The polar ice sheets are indeed shrinking—and fast, according to a comprehensive new study on climate change.
And the effects, according to an international team, are equally clear—sea levels are rising faster than predicted, which could bring about disastrous effects for people and wildlife.
Rising seas would increase the risk of catastrophic flooding like that caused by Hurricane Sandy last month in New York and New Jersey. Environmental damage may include widespread erosion, contamination of aquifers and crops, and harm to marine life. And in the long term, rising seas may force hundreds of millions of people who live along the coast to abandon their homes.
By reconciling nearly two decades of often conflicting satellite data into one format—in other words, comparing apples to apples—the new study, published in the journal Science, made a more confident estimate of what's called ice sheet mass balance.
That refers to how much snow is deposited on an ice sheet versus how much is lost, either due to surface melting or ice breaking off glaciers.
Between 1992—when polar satellite measurements began—and 2011, the results show that all of the polar regions except for East Antarctica are losing ice, said study leader Andrew Shepherd, a professor of earth observation at the University of Leeds in the U.K.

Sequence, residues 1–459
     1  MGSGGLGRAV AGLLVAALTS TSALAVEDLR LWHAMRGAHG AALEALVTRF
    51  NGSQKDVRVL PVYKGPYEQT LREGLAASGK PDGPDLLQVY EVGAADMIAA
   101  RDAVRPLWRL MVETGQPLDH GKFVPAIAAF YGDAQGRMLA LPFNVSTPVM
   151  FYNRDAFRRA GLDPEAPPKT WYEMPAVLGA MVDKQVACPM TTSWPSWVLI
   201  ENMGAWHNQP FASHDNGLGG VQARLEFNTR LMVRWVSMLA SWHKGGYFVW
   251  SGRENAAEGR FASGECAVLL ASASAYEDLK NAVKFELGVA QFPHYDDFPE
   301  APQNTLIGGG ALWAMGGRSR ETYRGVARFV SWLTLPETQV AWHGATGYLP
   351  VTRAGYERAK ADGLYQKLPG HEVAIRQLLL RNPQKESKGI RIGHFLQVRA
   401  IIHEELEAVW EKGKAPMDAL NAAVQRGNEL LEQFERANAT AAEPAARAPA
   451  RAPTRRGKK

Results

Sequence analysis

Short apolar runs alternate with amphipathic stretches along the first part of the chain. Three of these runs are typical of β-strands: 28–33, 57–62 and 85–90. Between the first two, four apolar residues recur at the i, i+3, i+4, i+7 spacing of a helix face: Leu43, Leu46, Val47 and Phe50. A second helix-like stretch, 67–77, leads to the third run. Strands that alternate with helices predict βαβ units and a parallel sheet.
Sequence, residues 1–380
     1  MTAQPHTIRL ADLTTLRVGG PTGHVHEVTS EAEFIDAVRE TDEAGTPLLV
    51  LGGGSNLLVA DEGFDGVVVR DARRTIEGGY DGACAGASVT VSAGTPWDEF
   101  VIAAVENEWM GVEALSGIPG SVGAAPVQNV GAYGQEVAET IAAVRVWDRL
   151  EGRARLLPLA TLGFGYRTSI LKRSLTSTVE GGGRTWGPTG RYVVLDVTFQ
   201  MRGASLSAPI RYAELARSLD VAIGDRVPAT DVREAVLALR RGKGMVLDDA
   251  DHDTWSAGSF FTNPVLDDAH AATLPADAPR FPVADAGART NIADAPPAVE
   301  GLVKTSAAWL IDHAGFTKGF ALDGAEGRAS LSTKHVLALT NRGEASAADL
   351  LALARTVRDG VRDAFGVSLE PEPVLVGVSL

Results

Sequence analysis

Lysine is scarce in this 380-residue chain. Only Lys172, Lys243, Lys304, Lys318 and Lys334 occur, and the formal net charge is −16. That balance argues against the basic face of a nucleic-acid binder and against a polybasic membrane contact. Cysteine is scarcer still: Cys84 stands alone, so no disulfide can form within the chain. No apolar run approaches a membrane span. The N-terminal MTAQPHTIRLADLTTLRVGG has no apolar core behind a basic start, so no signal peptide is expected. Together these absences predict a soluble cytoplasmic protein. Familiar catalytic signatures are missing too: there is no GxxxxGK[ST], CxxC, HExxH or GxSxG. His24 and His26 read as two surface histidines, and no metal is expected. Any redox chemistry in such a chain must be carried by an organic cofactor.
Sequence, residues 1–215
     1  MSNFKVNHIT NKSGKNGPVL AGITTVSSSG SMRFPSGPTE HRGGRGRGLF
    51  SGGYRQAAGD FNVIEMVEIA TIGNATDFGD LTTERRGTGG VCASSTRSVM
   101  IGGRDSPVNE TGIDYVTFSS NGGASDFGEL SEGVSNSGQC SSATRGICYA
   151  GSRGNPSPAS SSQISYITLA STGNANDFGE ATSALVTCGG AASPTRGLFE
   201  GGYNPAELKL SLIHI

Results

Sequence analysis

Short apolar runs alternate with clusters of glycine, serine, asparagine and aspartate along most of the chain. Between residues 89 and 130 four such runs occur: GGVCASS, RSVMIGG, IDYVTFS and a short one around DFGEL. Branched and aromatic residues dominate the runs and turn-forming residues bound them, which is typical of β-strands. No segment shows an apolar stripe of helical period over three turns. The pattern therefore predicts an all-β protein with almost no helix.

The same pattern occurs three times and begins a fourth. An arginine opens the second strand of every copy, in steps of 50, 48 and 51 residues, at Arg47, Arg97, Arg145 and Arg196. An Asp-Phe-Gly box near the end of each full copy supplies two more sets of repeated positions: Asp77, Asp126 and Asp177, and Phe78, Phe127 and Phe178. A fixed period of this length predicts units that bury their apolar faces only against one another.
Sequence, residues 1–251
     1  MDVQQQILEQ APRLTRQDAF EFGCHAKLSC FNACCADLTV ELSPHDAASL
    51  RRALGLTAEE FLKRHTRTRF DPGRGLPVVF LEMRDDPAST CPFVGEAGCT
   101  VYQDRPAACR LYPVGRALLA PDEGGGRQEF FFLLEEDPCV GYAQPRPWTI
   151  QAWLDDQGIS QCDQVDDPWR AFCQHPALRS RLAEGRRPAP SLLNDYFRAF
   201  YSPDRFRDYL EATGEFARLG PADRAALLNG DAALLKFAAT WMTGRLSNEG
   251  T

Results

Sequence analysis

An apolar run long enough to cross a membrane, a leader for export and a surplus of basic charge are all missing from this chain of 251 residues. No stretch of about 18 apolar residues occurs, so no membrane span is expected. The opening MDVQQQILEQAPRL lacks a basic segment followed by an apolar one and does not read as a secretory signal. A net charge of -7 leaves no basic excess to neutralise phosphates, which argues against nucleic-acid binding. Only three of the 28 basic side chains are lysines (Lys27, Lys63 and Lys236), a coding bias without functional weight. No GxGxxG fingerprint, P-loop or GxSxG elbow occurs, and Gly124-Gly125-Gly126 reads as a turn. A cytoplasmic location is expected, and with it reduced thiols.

In that 20-year span, Greenland lost 152 billion tons a year of ice, West Antarctica lost 65 billion tons a year, the Antarctic Peninsula lost 20 billion tons a year, and East Antarctica gained 14 billion tons a year. (See an interactive map of Antarctica.)
"When we did the experiments properly using the same time periods and same maps, the riddles did all agree," Shepherd said.
According to glaciologist Alexander Robinson, "We've had a good idea of what the ice sheets are doing, but it seems this study really brings it all together in one data set that gives a much clearer picture.
"It's one more piece of supporting evidence that shows there are some dramatic changes happening, and we know that's being driven mainly by a warmer climate and warmer ocean—but there's still a lot we don't know about these regions and how they're changing," said Robinson, of the Complutense University of Madrid in Spain, who was not involved in the research.
(Read "The Big Thaw" in National Geographic magazine.)
For the study, Shepherd and his team took data from three fields of satellite research: Altimetry, which measures the shapes of ice sheets and how they change over time; interferometry, which tracks the speed of ice sheets; and gravimetry, which calculates the weight of ice sheets by measuring Earth's gravitational field.
"Up until now there have been more than 30 studies that have each produced their own estimates of changes in ice sheets," Shepherd said.
"What we did was try to take the strengths of each approach and combined all the satellite technology together to get a better estimate of how ice sheets are changing," he said.
The results are also consistent with observations of climate change at the poles, Shepherd noted ( via news.nationalgeographic.com ).